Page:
Korean classic The Flower in Hell (Jiokhwa; 1958) is a gritty drama with a memorable climax that uses thriller and horror elements to great effect. It is also an eye-opening time capsule of South Korea in the late 1950s. Choi EunHie smolders as gum-chewing Sonya, a sex worker who seemingly lives her life to the fullest, and is an opportunist who doesn’t mind stirring up a little controversy. Sonya lives with YoungShik (Kim Hak), a petty criminal who makes his way by stealing supplies from the American military to sell on the black market.
The main protagonist is YoungShik’s younger brother DongShik (Jo HaeWon), who comes to Seoul from their country home to locate DongShik and implore him to return home to help take care of their ailing mother. This sets in motion such things as a brawl between DongShik and his fellow gang members, a lust triangle between Sonya and the two brothers with war orphan Judy (Gang SeonHui) on the periphery, a train robbery with dangerous-looking stunt work, and the famous climactic stalking-in-mud sequence. Director Shin SangOk uses a near-documentary approach at times, including showing a nightclub sequence in which a band plays mambo and jazz music for American soldiers while Korean women perform dances that range from tame to unexpectedly shocking. His look at lower-class life and survival at that time is unflinching, and Kang BeomGu’s terrific black-and-white cinematography captures the proceedings splendidly. Choi (Shin’s real-life wife) is outstanding as a femme fatale who is intelligent, clever, bold, and much more than a mere survivor. Jo plays his country bumpkin character with the right amount of naivety, and Kim gets to stretch perhaps the most, as his character can be tender one moment and wildly violent another. Gripping from start to its mud-caked finish, The Flower in Hell is must-see viewing for fans of world cinema.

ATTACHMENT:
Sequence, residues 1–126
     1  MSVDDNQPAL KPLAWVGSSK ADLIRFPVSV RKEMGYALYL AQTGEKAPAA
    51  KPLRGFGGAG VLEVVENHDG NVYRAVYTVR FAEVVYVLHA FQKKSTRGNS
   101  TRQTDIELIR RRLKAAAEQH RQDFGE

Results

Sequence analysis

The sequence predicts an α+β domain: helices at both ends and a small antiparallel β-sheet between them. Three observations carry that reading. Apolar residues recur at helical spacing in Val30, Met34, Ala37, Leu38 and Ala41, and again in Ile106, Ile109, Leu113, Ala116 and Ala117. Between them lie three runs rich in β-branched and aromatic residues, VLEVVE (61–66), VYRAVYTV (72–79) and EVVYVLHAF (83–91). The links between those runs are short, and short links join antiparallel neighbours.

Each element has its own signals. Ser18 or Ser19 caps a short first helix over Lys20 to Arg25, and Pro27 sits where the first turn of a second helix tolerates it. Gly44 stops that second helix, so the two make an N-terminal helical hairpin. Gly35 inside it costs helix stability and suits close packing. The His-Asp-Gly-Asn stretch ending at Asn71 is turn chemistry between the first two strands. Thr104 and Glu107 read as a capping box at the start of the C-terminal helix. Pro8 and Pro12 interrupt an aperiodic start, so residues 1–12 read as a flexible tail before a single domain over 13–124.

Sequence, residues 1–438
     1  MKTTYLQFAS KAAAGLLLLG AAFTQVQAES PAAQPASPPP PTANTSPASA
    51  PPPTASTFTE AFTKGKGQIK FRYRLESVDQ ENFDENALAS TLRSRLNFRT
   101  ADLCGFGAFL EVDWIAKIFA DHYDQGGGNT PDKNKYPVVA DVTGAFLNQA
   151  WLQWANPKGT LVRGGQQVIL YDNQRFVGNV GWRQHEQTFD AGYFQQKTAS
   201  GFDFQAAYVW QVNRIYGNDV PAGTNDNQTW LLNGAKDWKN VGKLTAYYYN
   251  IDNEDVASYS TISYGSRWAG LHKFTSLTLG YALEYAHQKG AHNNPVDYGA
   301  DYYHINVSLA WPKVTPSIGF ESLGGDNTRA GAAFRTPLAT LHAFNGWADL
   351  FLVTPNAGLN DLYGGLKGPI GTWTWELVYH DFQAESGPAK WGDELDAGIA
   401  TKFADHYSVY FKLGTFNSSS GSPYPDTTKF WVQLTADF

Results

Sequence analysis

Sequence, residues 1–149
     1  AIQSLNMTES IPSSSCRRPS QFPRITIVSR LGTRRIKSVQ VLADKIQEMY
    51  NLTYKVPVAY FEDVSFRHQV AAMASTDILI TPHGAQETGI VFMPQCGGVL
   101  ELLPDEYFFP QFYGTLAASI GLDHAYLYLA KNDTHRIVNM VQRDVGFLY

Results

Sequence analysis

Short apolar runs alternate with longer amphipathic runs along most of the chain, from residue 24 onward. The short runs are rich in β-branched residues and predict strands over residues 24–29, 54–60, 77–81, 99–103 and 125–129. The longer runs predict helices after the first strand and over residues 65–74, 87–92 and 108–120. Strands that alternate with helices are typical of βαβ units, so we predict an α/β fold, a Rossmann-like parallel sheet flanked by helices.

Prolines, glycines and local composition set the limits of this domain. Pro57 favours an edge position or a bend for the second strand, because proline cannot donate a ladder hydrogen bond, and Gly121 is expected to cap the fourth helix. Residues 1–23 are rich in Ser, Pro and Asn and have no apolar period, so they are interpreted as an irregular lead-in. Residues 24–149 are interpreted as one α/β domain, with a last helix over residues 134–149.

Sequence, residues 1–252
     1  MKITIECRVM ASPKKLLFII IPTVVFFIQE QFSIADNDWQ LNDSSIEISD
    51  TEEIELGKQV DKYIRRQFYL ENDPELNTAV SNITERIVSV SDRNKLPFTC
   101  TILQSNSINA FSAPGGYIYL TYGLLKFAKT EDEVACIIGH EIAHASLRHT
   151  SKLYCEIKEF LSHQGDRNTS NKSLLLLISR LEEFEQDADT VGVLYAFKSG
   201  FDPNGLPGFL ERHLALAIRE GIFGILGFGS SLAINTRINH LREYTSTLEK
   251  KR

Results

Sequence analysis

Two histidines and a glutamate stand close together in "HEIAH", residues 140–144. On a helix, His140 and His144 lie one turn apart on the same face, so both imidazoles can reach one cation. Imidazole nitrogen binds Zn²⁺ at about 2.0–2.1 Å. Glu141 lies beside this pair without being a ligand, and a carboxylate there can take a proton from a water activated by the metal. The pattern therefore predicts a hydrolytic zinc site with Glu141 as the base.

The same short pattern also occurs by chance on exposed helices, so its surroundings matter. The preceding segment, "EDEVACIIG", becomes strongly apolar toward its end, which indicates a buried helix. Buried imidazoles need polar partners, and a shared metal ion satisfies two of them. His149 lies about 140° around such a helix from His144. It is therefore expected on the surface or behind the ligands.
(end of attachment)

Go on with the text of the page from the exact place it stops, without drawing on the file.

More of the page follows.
Ieoh Island (Iodo; 1977) is a surreal offering from legendary director Kim KiYoung (The Housemaid [Hanyo; 1960]) about a mysterious death and an island inhabited solely by women. Sun WuHyun (Kim JeongCheol) is an advertising man announcing a hotel named after the titular legendary island believed by the locals to be a place of death. When he takes a group of press members on a boat toward the island as a publicity stunt, press member Cheon NamSeok (Choi YunSeok) demands the boat be turned around because Sun is taking island tradition lightly. When the two settle their differences with a late-night drunk, Cheon disappears from the boat and Sun is accused of throwing him overboard. Sun and Cheon’s editor Yang (Park Am) go to Cheon’s home island of Parang to either clear his name or find him guilty, and the women there speak of water ghosts, traditional supernatural legends, peculiar fertility rituals, and other unnerving subjects.
Park YeoIn (Kwon MiHye) is an infertile woman and MinJa (Lee HwaShi) is a barmaid who wants to make the most of her fertility; both women harbor secrets and have deep emotional scars. The island’s shaman (Park JeongJa) is there to seemingly work miracles and to exploit the relationship between YeoIn and MinJa. Ieoh Island is a slow burner that starts off needing viewers to find the rhythm of its flashbacks and current sequences, but once things start getting weird and puzzle pieces begin to fall in place, it builds up to a climax that shocks even today. Not quite a folk horror film but definitely pushing toward that subgenre, Ieoh Island has overtones that will remind some viewers of The Wicker Man (1973), but Kim KiYoung’s enigmatic work has plenty of originality to offer.
The Flower in Hell and Ieoh Island screened at The London Korean Film Festival, which took place from 1st-14th November in London before embarking on its annual tour 18th-24th November. For more information, visit http://koreanfilm.co.uk/.